Monday, March 20, 2017

Open Educational Resources

A library presentation on Open Educational Resources, such as Animals & Ethics 101.

Some notes from Teva Hutchinson:

“Open Educational Resources (OERs) are any type of educational materials that are in the public domain or introduced with an open license. The nature of these open materials means that anyone can legally and freely copy, use, adapt and re-share them. OERs range from textbooks to curricula, syllabi, lecture notes, assignments, tests, projects, audio, video and animation.” (Unesco)

OERs are free educational resources available for    retention, reuse, revision, remixing and redistribution.

Why OER?
  • Textbook prices have become extremely expensive averaging nearly $5,000 for four years of study.
  • Changes to textbooks are sometimes minor – 1 chapter - yet students have to purchase new copies
  • Present society requires faster updates which are easier updated online than reprinting new editions
  • Students are now accustomed to interactive works.

Use  an open textbook in one of your classes ​ ​​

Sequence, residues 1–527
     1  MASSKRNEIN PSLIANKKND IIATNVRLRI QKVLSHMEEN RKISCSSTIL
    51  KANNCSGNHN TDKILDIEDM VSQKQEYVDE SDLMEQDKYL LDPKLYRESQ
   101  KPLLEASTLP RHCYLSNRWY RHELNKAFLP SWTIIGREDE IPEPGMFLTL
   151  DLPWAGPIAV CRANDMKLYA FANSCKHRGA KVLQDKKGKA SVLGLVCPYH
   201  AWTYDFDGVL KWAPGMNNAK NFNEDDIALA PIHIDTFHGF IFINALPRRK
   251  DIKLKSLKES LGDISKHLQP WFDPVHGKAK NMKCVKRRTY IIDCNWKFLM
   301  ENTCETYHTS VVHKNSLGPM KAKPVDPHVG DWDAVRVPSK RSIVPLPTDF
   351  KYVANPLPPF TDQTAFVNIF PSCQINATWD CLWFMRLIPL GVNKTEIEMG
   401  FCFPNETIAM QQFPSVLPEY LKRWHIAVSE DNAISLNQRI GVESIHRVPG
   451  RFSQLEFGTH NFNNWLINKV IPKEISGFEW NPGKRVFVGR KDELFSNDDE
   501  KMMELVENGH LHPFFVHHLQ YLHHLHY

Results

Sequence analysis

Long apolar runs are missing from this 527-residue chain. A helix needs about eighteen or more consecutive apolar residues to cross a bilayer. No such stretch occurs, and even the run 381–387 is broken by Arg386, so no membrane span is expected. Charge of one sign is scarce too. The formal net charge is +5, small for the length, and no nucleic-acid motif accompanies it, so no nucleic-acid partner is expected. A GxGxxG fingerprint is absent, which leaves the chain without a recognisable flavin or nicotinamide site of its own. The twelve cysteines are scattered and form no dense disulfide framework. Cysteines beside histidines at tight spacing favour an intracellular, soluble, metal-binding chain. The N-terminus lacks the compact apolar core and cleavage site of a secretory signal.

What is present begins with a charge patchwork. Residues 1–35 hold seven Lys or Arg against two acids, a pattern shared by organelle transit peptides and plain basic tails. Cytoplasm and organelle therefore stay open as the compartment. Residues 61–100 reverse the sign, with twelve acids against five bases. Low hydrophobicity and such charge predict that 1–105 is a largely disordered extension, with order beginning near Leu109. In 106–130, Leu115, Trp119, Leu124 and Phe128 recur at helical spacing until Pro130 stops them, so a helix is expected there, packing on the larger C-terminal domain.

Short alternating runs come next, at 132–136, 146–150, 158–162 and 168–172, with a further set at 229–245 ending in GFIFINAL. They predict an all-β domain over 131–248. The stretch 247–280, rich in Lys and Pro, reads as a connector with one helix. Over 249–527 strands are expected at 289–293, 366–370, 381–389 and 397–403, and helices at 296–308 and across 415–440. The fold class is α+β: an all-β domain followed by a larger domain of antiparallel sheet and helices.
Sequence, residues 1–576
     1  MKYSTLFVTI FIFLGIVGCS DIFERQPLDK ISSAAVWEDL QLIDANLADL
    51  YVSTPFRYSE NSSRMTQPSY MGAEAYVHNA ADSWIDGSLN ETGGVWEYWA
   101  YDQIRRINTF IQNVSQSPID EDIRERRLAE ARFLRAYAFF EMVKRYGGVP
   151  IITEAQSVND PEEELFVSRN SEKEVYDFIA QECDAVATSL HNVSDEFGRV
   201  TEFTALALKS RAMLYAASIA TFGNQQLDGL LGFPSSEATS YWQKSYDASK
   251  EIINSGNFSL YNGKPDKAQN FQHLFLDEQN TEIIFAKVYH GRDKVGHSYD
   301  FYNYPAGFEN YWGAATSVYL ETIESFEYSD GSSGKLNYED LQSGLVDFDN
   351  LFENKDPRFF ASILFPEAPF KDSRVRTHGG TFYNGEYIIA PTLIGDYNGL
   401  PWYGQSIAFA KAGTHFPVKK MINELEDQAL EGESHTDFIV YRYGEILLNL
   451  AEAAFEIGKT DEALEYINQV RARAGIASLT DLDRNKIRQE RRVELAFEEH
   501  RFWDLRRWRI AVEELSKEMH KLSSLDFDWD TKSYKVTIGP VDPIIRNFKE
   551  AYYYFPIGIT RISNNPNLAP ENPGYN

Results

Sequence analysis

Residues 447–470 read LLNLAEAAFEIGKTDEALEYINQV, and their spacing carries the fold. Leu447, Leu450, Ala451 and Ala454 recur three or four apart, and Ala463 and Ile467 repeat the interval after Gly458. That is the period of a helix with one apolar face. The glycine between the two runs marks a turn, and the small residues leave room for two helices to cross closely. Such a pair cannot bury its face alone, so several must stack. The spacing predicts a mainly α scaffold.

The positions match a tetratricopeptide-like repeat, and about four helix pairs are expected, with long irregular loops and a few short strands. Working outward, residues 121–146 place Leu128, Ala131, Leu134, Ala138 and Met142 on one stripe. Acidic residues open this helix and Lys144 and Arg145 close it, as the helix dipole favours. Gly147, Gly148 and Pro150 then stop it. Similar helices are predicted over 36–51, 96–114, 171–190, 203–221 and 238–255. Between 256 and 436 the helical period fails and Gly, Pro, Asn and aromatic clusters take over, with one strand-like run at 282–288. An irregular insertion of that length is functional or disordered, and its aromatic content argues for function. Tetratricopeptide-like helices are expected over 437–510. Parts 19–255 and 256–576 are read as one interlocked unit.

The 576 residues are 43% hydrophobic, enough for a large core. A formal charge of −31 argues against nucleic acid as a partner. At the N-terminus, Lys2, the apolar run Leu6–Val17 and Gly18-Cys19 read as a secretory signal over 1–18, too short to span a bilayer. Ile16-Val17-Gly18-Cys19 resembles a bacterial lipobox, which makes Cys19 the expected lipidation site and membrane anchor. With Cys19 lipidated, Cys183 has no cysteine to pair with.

Adapt an open access course from one of these sites​
        Affordable Learning Georgia ​
        Georgia Knowledge repository ​
        California State University Affordable Learning Solutions​
        Open Course Library​
        Canvas and Moodle learning management system ​
        Merlot II​​
Join the peer-review process at an OER platform such as​
       MERLOT Peer Review ​
       OpenSUNY Textbook Review ​
       Open textbook Catalog Review​
       College Open Textbooks Community

CONSIDER - Textbook Transformation Grants,​
CONSIDER - MERLOT, College Open Textbooks, California Open Textbook Project. ​
AVOID - publishers that do not mention a review board/editors.​
AVOID - publishers that despite being new have similar names or website layouts to well known established publishers.​
AVOID - publishers that charge excessive fees or refuse to be clear about fees until after they receive your work.​
REVIEW - some of the OERs on the platform to weigh the quality of the work before making your decision.​